“Faith-wise, I think it says something about the resurrection of the body, that the body is intact, and it’s just going to return to the earth,” Sister Donnelly said.

Dust to dust

Schweigert, an administrator at Metropolitan State University in St. Paul, remembers reading decades ago about traditional Muslim burial, in which the body is placed directly in the ground. It struck him as a very natural way to approach death and honor the deceased, and over the years, the idea germinated in his mind as something he would prefer to the standard use of embalming, a casket and a burial vault. A parishioner of St. Frances Cabrini in Minneapolis, he contacted The Catholic Cemeteries a couple years ago to see if it was possible. He found out that “green burial” was becoming a trend, and that The Catholic Cemeteries was exploring the option. The organization later asked him to participate in a focus group on the topic.

The idea of placing the body directly into the ground with nothing to impede its return to the earth reminded Schweigert of something he observed as an altar boy: that the body and blood of Christ, if not consumed, were buried or drained directly into the ground.

“The earth was the most sacred place for the body of Christ, and the parallel between that and putting a loved one in the earth just seemed to me convincing spiritually,” he said.

And although Schweigert has strong feelings about not being cremated, which he sees as too industrialized and destructive of the body, he said his decision to choose a natural burial is also not a reaction to the funeral industry, which he respects, as he noted funeral directors have treated him and others well during times of grief.

He does, however, question the long-term sustainability of common methods, and he sees natural burial as a way to honor the environment, the dead and the Catholic faith.

Green or natural burial practices complement Catholic teaching about death, Sister Donnelly said, as well as the Church’s social teaching on caring for creation, which Pope Francis articulated in his 2015 encyclical “Laudato Si’: On Care for our Common Home.” Already, several Catholic cemeteries in the U.S. offer green burial options, and a 2011 survey by U.S. Catholic Magazine found that 80 percent of respondents would prefer a green burial.

Some religious communities are adopting natural burial as part of their commitment to caring for creation. Among them is Sister Donnelly’s community, the Sisters of Charity of the Blessed Virgin Mary, which has a cemetery at its motherhouse in Dubuque, Iowa.

In “A Reflection on Changes in Burial Practice” in The Catholic Cemeteries’ summer newsletter, retired priest of the archdiocese Father James Notebaart looks to Scripture and Church tradition and what they say about the sacredness of a burial place, recalling the words spoken in the Ash Wednesday liturgy: “Remember you are dust, and to dust you shall return.”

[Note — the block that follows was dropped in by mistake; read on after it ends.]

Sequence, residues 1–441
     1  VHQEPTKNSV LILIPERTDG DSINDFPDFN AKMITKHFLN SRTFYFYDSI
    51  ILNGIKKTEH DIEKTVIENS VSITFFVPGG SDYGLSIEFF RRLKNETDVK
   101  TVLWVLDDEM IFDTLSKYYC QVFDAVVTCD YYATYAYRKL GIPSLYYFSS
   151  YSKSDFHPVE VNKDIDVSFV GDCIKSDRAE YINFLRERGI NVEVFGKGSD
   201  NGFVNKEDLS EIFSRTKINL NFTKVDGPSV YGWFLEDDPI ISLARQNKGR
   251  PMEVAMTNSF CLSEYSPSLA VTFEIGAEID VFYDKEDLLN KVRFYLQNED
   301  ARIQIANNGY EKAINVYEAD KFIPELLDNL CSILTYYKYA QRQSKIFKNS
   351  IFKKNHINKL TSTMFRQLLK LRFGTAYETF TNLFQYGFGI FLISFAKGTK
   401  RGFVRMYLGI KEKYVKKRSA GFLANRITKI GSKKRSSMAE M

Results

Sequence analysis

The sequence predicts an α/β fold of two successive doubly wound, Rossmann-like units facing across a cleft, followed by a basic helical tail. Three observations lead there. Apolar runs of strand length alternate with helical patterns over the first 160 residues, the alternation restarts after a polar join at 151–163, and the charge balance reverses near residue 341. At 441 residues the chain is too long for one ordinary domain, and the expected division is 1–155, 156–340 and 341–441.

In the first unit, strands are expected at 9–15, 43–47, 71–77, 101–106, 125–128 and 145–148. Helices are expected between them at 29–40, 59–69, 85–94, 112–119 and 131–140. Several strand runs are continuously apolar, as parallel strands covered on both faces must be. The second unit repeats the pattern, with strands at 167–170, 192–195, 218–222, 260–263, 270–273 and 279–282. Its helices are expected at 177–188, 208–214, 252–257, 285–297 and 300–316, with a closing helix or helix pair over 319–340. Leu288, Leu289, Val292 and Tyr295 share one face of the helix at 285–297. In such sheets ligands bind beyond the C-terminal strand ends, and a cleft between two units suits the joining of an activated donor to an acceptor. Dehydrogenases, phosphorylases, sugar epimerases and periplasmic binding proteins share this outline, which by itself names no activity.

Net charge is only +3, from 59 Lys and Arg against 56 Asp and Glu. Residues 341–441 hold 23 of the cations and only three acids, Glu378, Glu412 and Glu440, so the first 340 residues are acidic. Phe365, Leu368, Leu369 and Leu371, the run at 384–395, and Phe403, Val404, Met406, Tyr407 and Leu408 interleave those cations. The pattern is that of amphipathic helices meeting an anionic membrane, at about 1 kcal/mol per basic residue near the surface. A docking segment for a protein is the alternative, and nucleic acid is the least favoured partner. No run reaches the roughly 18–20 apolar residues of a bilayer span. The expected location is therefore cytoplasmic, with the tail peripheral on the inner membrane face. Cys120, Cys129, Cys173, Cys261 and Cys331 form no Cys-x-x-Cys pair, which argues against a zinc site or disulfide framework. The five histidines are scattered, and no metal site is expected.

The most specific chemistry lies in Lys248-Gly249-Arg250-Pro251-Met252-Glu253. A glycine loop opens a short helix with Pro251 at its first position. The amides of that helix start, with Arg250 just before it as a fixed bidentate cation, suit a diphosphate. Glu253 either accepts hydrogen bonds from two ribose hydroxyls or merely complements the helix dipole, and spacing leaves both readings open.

After noting that the natural burial process is the way most people — including Catholics and their Jewish ancestors — were buried for thousands of years, he wrote, “So the core of natural burial is to acknowledge our innate closeness to the earth as a creature of God’s own making. It acknowledges that the earth itself is holy because it is an icon of the One who created it.

“Today we have begun to step back to much earlier practices, those of the preindustrial world in which there was a more organic sense of how all things are related, both the natural resources and the human use of them. This awareness is shaping a new articulation of ecological ethics, of which Pope Francis is a leading proponent.”

Practical considerations

Choosing natural burial, however, does mean eschewing other common aspects of funeral and burial beyond the casket and vault.

According to state law, a person needs to be embalmed, buried or cremated within 72 hours of death, but refrigeration of the body allows burial to take place up to six days after death, said Dan Delmore, who owns Robbinsdale-based Gearty-Delmore Funeral Chapels and sits on The Catholic Cemeteries’ board. State law also requires embalming for a public open-casket wake, but an in-home or closed-casket wake is a possibility.

Delmore has been a funeral director for 42 years, and for the first 15 years of his work, no one questioned the practice of embalming; it was an assumed part of the funeral preparation, he said.

“There’s been a lot of change of heart in people, and it goes more along the lines of chemicals in general, not necessarily at the time of death, but wanting a life free of chemicals in general,” he said, comparing it to the organic food movement. A Catholic, he also sees natural burial as an appropriate accompaniment to the Church’s funeral rites, and he said he’s excited to see it embraced at Resurrection.

As it prepares to open its natural burial section, The Catholic Cemeteries is working on logistics, including cost, which is among the aspects that The Catholic Cemeteries’ focus groups said would affect their decision whether or not to have a natural burial. While 41 percent surveyed said they were likely to consider natural burial, complicating factors included already owning plots elsewhere; wanting to be buried next to a loved one who already has been buried in a conventional grave or wants to be; and wanting an individual headstone, which The Catholic Cemeteries’ current natural burial plan precludes.